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Teaching of the CPDC

Teaching of the Conflict, Peace and Democracy Cluster

Winter Semester 2020

  • SE Social exclusion yesterday and today. Continuity of the stigmatization of marginalized groups (Amesberger H, Halbmayr B)
    Starting point of the seminar is the focus on National Socialist persecution of so-called “asocial” people as. Based on this reference frame/ point of reference we will deal with the continuities of stigmatizing images in current discourses about marginalized groups. The fact that such discourses of exclusion are powerful until nowadays has not least to do with the neglect of their painful history. Against this background, the seminar will examine the question of how far the images created by National Socialism still appear in current discourses about migration/flight/asylum, begging, abuse of the welfare system etc. and which possibilities of counteraction exist. An in-depth look at current devaluations of beggars, Roma and Sinti as well as homeless people will be made especially with local references.
  • SE Comparing Peace Processes (Pospisil J)
    The seminar undertakes a case-study comparison of peace processes in the Global South. The comparison elaborates characteristics and common practices of peace processes in contemporary armed conflict and investigates especially power-sharing mechanisms. Based on data from the PA-X peace agreements database, the peace processes in DRC, South Sudan, Syria, Yemen, the Philippines, Colombia, Myanmar and Nepal will be investigated.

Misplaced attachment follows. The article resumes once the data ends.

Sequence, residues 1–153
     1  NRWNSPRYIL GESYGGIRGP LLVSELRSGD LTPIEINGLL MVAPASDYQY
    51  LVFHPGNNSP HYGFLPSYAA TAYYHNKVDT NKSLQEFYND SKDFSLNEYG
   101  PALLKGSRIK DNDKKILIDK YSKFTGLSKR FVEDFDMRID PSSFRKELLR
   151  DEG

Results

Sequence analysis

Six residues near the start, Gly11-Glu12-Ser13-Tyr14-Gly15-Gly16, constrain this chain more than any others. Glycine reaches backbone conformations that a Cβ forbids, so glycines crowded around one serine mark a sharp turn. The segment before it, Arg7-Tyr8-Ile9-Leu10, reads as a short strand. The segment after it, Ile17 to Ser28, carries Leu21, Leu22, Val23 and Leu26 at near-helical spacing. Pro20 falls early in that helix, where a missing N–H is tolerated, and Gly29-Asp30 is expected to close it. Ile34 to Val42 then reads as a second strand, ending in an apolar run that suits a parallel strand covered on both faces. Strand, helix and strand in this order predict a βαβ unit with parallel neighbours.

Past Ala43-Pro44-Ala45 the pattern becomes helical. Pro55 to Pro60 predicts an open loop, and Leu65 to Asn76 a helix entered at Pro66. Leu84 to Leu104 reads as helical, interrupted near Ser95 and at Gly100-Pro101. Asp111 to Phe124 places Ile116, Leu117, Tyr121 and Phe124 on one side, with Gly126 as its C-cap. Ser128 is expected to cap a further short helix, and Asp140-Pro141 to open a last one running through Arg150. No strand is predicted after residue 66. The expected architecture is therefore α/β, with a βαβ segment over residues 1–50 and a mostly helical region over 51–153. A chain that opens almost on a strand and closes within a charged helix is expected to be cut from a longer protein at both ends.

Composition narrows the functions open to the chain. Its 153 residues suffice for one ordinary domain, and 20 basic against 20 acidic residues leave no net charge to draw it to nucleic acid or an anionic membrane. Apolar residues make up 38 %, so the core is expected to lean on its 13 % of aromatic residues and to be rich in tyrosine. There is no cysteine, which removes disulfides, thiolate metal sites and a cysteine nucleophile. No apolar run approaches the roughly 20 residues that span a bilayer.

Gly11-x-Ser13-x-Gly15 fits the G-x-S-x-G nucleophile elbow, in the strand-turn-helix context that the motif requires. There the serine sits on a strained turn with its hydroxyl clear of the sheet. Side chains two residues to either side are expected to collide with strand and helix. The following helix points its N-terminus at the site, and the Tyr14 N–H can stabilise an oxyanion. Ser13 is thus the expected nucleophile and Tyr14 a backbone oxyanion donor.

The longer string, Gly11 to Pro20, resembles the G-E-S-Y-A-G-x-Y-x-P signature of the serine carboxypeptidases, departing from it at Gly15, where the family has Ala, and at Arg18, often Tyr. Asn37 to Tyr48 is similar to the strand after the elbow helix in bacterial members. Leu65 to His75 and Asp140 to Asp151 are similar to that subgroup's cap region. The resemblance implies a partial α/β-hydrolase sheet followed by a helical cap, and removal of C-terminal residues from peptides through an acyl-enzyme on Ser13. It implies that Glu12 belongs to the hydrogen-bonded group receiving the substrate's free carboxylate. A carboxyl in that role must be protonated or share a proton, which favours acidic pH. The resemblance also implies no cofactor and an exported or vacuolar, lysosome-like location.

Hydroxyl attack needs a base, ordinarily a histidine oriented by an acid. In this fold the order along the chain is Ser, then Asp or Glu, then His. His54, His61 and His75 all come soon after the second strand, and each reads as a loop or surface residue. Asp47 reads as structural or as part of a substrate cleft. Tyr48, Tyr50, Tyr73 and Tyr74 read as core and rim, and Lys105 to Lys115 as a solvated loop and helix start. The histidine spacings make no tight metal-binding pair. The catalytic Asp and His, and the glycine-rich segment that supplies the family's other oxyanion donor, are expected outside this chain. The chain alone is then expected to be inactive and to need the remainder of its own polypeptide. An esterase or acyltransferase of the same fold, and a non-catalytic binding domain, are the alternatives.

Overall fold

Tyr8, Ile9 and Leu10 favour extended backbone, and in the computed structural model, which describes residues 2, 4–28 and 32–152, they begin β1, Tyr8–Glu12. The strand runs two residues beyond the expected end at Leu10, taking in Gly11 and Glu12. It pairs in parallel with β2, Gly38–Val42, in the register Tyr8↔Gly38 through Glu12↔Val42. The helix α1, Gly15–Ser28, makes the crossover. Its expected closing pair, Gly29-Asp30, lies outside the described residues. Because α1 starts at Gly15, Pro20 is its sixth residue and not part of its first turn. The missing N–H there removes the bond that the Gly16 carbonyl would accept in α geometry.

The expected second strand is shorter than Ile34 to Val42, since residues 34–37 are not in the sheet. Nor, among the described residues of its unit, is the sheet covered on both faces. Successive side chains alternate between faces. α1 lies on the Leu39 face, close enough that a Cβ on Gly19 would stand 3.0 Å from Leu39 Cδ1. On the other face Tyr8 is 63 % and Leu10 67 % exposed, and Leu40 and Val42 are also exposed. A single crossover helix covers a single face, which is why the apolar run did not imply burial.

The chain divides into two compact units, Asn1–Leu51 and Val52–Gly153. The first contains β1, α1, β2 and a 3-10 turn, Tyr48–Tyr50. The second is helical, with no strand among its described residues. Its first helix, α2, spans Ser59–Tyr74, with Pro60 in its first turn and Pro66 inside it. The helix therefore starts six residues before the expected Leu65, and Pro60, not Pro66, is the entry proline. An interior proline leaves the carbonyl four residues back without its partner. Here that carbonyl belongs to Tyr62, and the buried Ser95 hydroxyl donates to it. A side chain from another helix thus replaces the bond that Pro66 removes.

Summer Semester 2021

  • SE Participation, Publicity and Citizenship Education (Möller L, Taufner J, Reitmair-Juárez S)
    This course explores the themes of participation, the public sphere, and citizenship education and how our understanding of them shapes our daily lives. The units will take place in blocks. They are structured around central issues such as concepts of politics, civic awareness, mechanisms of inclusion and exclusion. The main terms participation, public sphere and civic education form the analytical framework for our discussions.
  • SE Misogyny 2.0 - Gender perspectives on online violence (Brigitte T, Hansal S)
    Digital media have not only created new opportunities for communication, networking and participation, but also spawned new forms of violence. Studies show that social power relationships also work online: sexism, racism and homophobia are an integral part of web-based communication (see e.g. Armentor-Cota 2011, Van der Wilk 2018). The content of the seminar focuses on gender-based violence online and an examination of the underlying structures.

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